During the Great Depression of the 1930s, government jobs programs, such as the Works Progress Administration (WPA) and Civilian Conservation Corps (CCC), put people to work. David Riemer, the director of policy and planning for community advocates of Milwaukee, Wisconsin, thinks we need similar programs today.
Riemer points to the gap between available jobs and workers seeking them, a gap that has been growing steadily larger since mid-2007, as shown by the graph below.
Source: Community Advocates Public Policy Institute
More than seven people are seeking work for every one job available. That number of job seekers, high as it is, includes only people actively looking for work, not those who have given up searching. The number of jobs, low as it is, includes not only full-time, but also part-time and temporary jobs.
Riemer argues that incentives and tax credits to businesses are an inefficient way to foster job creation. “The most efficient way is to use the money to create transitional employment,” he says.
“Part of the lesson we need to learn is to go back to the Great Depression and realize that part of the solution that made sense in the 1930s still makes sense today,” he says. “During the Great Depression, the WPA and CCC actually did things. They carried out a whole bunch of projects, some of which have produced lasting benefit. We need to reinvent the WPA—I don’t see any other way to do it. The other way is to massively expand unemployment insurance—but you’re not getting any work for that.”
Lesson four: the fox is still in the henhouse
From the beginning of the Great Recession, the government has bailed out big banks, financial institutions, and even automobile companies because they are “too big to fail.”
Not only are they too big to fail—they’re too big to regulate.
After the 1929 stock market crash and the ensuing Great Depression, the government established the Securities and Exchange Commission (SEC) to regulate the stock market, the Federal Deposit Insurance Corporation (FDIC) to insure bank deposits and regulate the banking industry, and the Glass-Steagall Act to separate commercial banks and investment banking.
The FDIC and the Federal Savings and Loan Insurance Corporation (FSLIC) are products of the lessons learned in the 1930s. They insure savings and monitor the soundness of banks and savings and loan institutions. That protects the little guys, or the comparatively little guys. While deposits in federally insured institutions were once protected up to $2,500, they’re now insured up to $250,000 per depositor per bank.
The regulatory reforms of the 1930s targeted the big guys, the bankers, and Wall Street. The Glass-Steagall Act protected depositors from speculative investing practices. It also gave oversight and regulatory authority to the Federal Reserve Board. The SEC got the power to regulate stock and bond trading, to regulate stock exchanges, and to set requirements for fair disclosure to investors.
Federal deposit insurance has remained, but the regulatory reforms that grew out of lessons learned in the Great Depression, including the Glass-Steagall Act, were gutted in the 1990s. Government regulations have been eased or eliminated, not only on financial institutions but also on airlines, telephone services, broadcasters, and more.
Financial institutions and investors (or speculators) gleefully took advantage of their new freedom, inventing an eye-popping variety of new financial instruments and derivatives that escaped all regulation and oversight, such as credit default swaps (CDSs) and collateralized debt obligations (CDOs).
“Certain kinds of banks got to take more and more and more risk,” says Karter. “That was crazy. They got to palm it off to other people. The result is that the old fashioned basic business of banking is paying the price.”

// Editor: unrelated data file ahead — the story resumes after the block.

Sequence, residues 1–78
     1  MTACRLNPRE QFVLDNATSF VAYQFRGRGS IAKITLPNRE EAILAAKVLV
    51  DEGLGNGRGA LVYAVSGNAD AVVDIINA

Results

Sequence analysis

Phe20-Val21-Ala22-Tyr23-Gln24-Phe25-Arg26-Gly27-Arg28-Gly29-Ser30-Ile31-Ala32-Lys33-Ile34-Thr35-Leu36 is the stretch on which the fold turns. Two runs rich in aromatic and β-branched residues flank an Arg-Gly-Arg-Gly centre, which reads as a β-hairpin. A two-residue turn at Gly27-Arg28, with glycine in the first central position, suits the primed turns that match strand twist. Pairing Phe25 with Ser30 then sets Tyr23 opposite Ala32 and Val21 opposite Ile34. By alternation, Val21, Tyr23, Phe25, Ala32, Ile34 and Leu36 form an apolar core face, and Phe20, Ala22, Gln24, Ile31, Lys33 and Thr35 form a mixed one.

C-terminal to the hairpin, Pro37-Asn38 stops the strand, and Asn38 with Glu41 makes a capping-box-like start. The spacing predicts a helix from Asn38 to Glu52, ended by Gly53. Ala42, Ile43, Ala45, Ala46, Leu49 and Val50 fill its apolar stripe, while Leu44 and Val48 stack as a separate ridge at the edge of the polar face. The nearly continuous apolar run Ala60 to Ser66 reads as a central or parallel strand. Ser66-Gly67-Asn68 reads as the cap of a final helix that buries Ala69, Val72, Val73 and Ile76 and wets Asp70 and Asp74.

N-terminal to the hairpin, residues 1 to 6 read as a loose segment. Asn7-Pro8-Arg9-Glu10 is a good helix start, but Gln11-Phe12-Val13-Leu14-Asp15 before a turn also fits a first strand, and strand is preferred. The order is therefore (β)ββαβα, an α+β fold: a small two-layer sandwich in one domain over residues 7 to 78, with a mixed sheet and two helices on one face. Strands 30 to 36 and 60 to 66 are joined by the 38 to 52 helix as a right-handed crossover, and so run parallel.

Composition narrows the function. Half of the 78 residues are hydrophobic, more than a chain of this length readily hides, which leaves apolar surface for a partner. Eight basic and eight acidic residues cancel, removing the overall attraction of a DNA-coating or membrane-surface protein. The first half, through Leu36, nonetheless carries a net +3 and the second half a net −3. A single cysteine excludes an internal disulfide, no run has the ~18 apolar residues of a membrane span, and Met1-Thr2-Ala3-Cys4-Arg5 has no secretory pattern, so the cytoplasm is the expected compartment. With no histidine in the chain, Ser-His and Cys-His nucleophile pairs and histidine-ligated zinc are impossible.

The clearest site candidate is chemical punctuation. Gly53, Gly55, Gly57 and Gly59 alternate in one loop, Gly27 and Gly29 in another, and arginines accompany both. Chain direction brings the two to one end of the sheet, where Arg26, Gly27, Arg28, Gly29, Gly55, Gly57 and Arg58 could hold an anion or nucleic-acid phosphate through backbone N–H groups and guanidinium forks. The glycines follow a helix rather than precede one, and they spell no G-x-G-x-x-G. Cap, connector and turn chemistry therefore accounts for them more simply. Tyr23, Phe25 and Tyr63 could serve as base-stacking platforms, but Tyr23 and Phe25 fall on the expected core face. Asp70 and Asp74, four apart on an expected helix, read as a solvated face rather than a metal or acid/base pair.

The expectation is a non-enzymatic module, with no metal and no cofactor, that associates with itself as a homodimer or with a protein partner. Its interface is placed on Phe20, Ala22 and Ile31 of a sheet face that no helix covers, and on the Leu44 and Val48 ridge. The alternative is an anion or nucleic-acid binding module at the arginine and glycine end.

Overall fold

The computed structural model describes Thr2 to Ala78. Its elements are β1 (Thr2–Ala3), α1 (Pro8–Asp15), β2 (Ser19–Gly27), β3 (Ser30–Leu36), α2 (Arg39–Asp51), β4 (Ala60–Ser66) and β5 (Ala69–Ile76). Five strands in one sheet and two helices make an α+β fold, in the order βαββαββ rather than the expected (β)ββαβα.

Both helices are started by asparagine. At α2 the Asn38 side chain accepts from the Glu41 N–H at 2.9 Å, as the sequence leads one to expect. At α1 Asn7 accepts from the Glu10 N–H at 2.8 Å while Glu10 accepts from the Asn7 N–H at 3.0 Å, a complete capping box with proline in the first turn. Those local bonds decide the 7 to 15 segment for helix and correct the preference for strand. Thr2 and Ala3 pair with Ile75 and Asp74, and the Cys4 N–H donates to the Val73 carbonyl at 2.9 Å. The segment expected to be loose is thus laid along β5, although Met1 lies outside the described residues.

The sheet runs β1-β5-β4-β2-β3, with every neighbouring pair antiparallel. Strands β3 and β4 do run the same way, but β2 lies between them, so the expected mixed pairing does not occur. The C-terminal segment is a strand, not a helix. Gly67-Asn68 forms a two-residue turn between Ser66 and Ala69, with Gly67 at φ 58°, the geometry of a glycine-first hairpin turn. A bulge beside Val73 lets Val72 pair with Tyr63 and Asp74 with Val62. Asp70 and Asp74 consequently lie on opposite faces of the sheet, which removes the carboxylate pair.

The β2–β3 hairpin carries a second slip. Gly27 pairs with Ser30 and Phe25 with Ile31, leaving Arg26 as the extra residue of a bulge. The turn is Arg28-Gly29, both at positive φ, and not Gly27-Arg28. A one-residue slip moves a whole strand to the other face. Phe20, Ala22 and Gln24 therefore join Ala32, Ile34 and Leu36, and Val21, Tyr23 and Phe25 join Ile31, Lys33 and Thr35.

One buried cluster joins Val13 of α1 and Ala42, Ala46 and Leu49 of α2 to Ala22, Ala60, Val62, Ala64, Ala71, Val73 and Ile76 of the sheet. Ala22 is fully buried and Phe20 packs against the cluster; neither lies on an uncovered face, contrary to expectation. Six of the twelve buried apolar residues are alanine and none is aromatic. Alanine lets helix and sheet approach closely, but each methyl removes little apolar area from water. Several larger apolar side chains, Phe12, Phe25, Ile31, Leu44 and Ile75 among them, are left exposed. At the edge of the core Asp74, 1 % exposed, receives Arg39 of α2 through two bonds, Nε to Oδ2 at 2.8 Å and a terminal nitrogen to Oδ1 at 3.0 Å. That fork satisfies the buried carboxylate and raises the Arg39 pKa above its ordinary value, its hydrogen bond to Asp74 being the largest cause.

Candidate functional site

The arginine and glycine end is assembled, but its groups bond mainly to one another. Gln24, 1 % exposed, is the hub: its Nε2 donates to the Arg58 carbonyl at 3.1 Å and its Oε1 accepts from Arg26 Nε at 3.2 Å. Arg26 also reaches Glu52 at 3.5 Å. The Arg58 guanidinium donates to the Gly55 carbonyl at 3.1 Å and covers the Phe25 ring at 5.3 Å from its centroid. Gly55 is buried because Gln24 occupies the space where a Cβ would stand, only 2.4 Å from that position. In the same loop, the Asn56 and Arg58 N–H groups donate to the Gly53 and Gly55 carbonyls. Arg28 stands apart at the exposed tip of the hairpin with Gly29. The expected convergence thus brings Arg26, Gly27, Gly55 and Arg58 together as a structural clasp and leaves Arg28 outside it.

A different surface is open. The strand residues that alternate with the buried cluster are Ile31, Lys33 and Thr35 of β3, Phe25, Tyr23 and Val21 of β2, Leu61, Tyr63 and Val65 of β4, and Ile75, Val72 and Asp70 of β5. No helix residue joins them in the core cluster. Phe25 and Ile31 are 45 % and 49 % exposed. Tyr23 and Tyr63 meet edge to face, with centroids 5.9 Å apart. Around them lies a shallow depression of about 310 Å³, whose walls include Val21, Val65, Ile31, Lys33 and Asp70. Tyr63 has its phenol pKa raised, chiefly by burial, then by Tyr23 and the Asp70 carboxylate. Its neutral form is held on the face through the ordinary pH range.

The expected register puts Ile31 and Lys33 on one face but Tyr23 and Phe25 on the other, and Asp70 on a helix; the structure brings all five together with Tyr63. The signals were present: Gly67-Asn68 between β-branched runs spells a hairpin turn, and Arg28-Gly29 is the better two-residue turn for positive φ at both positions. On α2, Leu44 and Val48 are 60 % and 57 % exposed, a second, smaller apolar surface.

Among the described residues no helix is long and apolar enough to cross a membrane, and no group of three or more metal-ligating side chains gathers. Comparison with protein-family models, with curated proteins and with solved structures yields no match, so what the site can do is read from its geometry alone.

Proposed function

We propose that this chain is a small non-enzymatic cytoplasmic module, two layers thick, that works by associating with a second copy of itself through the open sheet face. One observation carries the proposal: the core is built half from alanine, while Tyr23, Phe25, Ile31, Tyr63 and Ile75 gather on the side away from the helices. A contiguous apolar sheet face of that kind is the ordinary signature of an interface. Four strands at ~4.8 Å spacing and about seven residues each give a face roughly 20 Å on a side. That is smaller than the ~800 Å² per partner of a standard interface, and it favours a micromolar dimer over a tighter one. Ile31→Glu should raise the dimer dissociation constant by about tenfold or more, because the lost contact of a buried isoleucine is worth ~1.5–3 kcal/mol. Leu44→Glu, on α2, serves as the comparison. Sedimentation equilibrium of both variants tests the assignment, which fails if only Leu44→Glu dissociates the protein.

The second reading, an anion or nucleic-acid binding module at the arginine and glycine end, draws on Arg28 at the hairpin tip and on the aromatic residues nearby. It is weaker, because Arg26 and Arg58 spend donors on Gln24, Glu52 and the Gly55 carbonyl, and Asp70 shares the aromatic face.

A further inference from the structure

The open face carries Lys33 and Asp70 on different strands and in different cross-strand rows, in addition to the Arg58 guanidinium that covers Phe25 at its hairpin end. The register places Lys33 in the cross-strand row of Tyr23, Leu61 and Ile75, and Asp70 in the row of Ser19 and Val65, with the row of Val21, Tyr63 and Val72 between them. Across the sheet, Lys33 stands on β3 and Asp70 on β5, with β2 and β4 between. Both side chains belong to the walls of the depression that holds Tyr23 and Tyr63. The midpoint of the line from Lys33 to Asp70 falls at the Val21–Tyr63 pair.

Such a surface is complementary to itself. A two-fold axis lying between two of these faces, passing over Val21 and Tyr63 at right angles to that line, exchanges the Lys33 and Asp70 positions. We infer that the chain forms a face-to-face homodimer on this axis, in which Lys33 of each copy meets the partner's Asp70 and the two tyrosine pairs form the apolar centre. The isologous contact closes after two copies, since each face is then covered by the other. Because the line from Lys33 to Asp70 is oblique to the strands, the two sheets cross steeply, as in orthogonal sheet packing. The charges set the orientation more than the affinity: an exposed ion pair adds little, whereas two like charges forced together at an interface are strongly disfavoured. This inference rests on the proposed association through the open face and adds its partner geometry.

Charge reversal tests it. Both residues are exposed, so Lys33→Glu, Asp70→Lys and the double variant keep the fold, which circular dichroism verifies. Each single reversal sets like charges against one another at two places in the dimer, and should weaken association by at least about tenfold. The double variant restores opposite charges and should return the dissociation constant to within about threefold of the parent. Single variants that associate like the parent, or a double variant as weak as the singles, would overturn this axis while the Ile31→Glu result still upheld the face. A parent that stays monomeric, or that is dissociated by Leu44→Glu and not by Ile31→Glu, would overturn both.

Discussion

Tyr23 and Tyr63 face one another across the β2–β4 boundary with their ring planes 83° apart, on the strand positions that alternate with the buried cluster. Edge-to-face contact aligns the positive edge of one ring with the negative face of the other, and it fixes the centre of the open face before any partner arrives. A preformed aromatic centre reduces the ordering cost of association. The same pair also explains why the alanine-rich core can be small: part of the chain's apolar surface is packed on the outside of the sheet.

If the country learned anything from the Great Recession, it is that regulation needs to come back. All kinds of financial instruments, all kinds of derivatives, need regulatory oversight.
Moreover, the too-big-to-fail institutions need to be cut down to size. Massachusetts Institute of Technology (MIT) economics professor Simon Johnson cogently summarized the issue: “Weakening the big banks and their bosses should not be seen as an unfortunate side effect of beneficial medicine. It is exactly what we need to do under these circumstances. Unless and until these banks’ economic and political influence declines, we are stuck with too many people who know exactly what they can get away with because their organizations are ‘too big to fail.’
“Having some of these banks go out of business or be broken up as part of a comprehensive system reboot (with asset revaluations at market prices and a complete recapitalization program) will help return the credit system to normal.”
Significant re-regulation may not happen. This session of Congress has shown little inclination to take decisive action. But Hallada predicts passage of the Volcker plan as a form of “Glass-Steagall light,” imposing some regulation but allowing banks to do more than they could before the 1999 Glass-Steagall repeal.
Hallada says regulators need to “get their arms around the credit default swap market, where they write insurance on debt. No one really understands what is there. We need to get regulation around this.” Still, he acknowledges, “There’s discussion, but I haven’t seen any legislation yet.”
The biggest lessons from the Great Recession echo the lessons that earlier generations learned in the Great Depression. They are not all that complicated: People need jobs. Don’t spend more than you have, and don’t borrow more than you can repay. Save for a rainy day. Take care of each other, watching out for the young and the old. Maintain a safety net for those who are vulnerable. Regulate banks—they have our money. Don’t let anybody get too big to fail. The tough part is not knowing what we should do, but doing it.
Those lessons were forgotten or abandoned, especially during the decade preceding today’s recession. Individuals incurred more debt than they could afford, counting on an ever-expanding economy and rising incomes. Financial institutions, freed from regulation and oversight, grew bigger and took greater risks. Perhaps we thought we were too modern to learn from our grandparents. The Great Recession should disabuse us of this bit of presumption.
Mary Turck is a freelance writer, who also edits the online Twin Cities Daily Planet
Contact Mary at firstname.lastname@example.org